Expectations about attributes and behaviours appropriate
to women or men and about the relations between
women and men in other words, gender are shaped by
culture. Gender identities and gender relations are critical
aspects of culture because they shape the way daily life
is lived in the family, but also in the wider community
and the workplace.

If it is cultural is it unquestioned?
As suggested in the point above, cultural values are
continually being reinterpreted in response to new needs
and conditions. Some values are reaffirmed in this
process, while others are challenged as no longer
appropriate.

Gender (like race or ethnicity) functions as an organizing


principle for society because of the cultural meanings
given to being male or female. This is evident in the
division of labour according to gender. In most societies
there are clear patterns of womens work and mens
work, both in the household and in the wider
community and cultural explanations of why this
should be so. The patterns and the explanations differ
among societies and change over time.

A member of the Cambodian government uses a vivid


image when describing the need to question the cultural
norms that reinforce gender inequality. She says the aim
is not to overturn the cultural identity of the nation, but
to focus on the elements within it that oppress women:

There is a Cambodian saying that men are a piece of


gold, and women are a piece of cloth. The piece of gold,
when it is dropped in mud, is still a piece of gold. But a
piece of cloth, once its stained, its stained forever. If
you are a prostitute, if you have been raped, if you are a
widow, you are no longer that virginal piece of cloth. But
men, whether they are criminal or have cheated on their
wives, they are still a piece of gold. When there is such
a saying, a perception, then there is something wrong
with that culture and thats when you want to change
it.iii

Are development initiatives culturally-neutral?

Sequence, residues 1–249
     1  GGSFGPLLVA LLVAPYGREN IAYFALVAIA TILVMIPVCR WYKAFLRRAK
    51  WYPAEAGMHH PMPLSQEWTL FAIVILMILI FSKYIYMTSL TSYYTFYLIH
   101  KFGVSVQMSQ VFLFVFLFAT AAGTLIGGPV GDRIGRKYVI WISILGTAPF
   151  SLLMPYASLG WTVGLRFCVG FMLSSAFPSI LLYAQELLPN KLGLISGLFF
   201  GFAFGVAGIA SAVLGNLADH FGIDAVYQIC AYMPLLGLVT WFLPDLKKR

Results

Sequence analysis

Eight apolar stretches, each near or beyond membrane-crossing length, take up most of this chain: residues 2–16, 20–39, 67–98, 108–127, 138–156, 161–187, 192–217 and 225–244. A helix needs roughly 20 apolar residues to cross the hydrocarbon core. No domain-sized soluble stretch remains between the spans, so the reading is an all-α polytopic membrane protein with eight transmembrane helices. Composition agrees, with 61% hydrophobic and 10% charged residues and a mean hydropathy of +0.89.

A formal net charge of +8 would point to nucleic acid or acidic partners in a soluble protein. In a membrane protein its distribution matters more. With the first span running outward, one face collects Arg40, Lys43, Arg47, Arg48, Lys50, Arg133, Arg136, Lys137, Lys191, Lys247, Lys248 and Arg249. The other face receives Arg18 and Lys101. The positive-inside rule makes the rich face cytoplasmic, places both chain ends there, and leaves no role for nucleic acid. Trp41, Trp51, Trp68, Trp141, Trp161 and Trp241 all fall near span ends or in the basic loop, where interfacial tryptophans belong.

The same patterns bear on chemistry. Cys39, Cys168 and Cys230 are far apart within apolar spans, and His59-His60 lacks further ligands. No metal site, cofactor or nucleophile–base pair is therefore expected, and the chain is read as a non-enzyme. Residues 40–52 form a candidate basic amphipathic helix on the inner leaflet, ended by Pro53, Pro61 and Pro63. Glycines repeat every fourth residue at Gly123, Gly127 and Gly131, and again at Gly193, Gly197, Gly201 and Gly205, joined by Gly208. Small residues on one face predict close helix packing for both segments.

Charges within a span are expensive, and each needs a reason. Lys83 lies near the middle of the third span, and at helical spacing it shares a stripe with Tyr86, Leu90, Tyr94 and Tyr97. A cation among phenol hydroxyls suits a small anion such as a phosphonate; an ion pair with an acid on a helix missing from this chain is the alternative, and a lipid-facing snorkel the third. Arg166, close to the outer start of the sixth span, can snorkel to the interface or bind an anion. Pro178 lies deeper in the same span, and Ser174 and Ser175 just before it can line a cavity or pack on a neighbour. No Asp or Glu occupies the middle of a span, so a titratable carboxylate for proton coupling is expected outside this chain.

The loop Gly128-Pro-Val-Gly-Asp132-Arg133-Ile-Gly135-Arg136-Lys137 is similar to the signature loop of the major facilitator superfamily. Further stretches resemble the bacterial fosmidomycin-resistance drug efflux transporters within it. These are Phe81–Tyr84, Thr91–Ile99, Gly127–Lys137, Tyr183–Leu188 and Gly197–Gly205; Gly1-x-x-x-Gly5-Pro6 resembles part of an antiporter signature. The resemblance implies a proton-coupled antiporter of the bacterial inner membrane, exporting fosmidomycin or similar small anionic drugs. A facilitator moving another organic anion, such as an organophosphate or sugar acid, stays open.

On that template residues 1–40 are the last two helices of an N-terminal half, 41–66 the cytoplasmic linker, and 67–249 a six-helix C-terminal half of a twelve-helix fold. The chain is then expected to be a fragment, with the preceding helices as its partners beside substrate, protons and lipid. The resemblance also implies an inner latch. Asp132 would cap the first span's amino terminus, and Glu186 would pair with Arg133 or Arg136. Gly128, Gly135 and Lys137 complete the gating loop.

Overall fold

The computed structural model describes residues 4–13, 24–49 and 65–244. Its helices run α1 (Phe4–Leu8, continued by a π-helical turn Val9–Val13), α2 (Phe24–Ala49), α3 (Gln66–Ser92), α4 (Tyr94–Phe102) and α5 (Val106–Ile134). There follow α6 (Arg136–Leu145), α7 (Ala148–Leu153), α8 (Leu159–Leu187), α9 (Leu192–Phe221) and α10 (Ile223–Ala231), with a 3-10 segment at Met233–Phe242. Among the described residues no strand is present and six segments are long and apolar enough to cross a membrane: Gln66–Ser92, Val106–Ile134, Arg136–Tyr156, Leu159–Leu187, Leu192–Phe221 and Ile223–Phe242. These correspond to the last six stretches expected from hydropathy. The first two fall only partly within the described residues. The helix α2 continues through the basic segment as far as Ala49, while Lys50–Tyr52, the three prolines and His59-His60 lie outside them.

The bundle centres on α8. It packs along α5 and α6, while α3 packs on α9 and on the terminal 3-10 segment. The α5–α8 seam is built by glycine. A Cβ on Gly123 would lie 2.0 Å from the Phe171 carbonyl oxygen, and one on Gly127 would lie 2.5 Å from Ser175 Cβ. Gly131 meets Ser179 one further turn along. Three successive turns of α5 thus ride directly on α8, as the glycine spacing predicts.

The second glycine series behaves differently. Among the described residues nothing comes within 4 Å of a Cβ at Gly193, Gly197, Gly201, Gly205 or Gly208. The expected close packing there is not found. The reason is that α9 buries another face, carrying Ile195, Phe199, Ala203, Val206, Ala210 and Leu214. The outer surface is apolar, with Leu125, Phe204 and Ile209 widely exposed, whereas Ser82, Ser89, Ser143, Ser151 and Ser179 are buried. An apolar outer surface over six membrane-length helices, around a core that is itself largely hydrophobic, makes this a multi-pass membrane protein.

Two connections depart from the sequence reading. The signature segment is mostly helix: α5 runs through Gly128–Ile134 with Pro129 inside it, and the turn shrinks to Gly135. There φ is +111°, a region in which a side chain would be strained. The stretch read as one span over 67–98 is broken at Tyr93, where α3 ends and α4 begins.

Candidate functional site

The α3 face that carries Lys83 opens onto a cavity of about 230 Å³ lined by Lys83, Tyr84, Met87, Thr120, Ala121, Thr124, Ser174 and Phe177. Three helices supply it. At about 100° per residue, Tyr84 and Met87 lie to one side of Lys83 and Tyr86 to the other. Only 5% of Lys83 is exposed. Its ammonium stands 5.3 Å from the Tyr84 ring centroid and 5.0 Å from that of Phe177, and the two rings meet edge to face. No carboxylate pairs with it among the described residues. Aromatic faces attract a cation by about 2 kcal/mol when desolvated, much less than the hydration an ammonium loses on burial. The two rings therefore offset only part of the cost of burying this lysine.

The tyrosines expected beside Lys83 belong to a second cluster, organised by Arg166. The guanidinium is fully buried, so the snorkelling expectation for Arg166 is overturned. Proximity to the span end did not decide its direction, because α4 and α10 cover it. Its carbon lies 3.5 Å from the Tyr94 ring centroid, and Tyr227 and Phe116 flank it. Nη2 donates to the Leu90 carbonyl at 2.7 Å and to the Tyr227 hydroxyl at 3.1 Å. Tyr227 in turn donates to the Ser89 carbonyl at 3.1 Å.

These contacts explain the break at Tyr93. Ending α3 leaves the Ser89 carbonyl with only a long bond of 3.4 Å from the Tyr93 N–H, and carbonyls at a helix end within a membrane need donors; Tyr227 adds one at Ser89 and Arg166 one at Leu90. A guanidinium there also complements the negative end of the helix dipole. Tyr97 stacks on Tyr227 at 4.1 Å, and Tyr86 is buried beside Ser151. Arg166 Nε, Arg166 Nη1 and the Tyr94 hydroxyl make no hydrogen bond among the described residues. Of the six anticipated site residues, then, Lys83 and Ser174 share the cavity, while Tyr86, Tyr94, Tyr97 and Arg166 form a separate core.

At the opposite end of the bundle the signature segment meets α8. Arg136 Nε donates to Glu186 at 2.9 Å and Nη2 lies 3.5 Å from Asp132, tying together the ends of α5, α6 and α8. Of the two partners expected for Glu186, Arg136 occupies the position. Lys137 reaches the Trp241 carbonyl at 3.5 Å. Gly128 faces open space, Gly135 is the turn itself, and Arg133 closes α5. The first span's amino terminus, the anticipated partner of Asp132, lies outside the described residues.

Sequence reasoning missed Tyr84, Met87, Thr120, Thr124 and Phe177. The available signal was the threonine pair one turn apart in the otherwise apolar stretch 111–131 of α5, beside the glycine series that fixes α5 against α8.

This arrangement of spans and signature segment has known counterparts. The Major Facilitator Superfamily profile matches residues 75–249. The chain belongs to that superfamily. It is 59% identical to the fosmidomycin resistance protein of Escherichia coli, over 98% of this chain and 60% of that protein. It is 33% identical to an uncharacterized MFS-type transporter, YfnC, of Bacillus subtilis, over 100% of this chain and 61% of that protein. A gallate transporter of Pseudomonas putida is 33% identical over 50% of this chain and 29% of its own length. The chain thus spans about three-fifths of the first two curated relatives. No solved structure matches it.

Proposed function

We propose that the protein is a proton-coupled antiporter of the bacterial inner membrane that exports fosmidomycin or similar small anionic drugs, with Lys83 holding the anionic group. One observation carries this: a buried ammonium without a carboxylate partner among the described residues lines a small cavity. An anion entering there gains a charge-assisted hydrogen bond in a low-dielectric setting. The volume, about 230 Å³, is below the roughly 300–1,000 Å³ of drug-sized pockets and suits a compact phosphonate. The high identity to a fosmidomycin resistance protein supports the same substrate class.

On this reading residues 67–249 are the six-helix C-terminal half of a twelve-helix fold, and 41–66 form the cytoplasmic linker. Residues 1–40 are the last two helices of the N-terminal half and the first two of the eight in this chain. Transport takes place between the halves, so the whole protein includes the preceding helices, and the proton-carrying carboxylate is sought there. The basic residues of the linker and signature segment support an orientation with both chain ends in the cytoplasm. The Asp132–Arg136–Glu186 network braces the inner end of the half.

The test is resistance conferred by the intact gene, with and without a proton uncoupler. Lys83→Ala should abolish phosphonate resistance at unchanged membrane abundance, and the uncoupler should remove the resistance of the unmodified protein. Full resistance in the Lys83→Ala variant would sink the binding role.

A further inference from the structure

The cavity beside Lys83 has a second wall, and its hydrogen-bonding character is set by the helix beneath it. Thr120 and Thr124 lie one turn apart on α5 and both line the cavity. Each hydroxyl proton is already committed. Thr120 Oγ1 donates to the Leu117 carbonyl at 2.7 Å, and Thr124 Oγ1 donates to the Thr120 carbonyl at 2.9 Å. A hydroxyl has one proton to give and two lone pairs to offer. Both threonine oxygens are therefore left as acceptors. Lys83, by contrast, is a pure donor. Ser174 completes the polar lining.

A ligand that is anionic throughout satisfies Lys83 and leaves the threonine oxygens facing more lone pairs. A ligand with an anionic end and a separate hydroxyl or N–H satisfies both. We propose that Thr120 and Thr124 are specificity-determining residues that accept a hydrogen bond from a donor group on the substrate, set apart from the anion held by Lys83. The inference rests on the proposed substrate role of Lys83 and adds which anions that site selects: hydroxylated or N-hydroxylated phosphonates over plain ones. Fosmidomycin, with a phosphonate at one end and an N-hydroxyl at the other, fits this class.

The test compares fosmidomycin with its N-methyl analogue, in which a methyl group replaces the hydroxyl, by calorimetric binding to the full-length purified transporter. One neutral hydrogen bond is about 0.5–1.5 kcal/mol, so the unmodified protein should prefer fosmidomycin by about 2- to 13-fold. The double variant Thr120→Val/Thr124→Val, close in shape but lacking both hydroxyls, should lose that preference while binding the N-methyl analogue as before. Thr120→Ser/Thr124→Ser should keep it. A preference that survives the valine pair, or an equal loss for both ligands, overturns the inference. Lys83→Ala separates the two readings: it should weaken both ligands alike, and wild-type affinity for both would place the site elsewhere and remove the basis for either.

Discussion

Development is about change. Development initiatives
(by governments, NGOs or development agencies) are
investments in promoting social and economic change.
Some development initiatives aim to change values and
practices that shape social relations consider, for
example, the investments made in family planning and
what this implies about family structures. Development
models also incorporate cultural values consider, for
example, the concern with the transition to market
economies, and the support for private property as a
cultural value.

Are there different interests that we should be


aware of?

Other types of initiatives less obviously concerned with


culture nevertheless have impacts on the social relations
that characterize a culture. Consider, for example, the
possible impacts of an improved road network linking
rural and urban areas. New roads allow greater mobility
of people and goods. Many villagers could benefit from
better access to markets for farm products, to health
services and to schools for their children. Others may
not, for example, those producing a product such as clay
pots that must now compete with cheaper and more
durable plastic products. The roads could lead to an
increase in rural-urban migration. This could result in
more households where men are absent and women take
charge of farms and families. Or (depending on the
region) women leaving villages for employment in urban
areas. Can it be said that there has been no intervention
in local culture? Or no impact on gender relations?

We noted that gender identities and gender relations are


critical aspects of culture because they shape daily life.
Changes in gender relations are often highly contested, in
part because they have immediate implications for
everyone, women and men. This immediacy also means
that gender roles and particularly womens roles as
wives and mothers can be potent symbols of cultural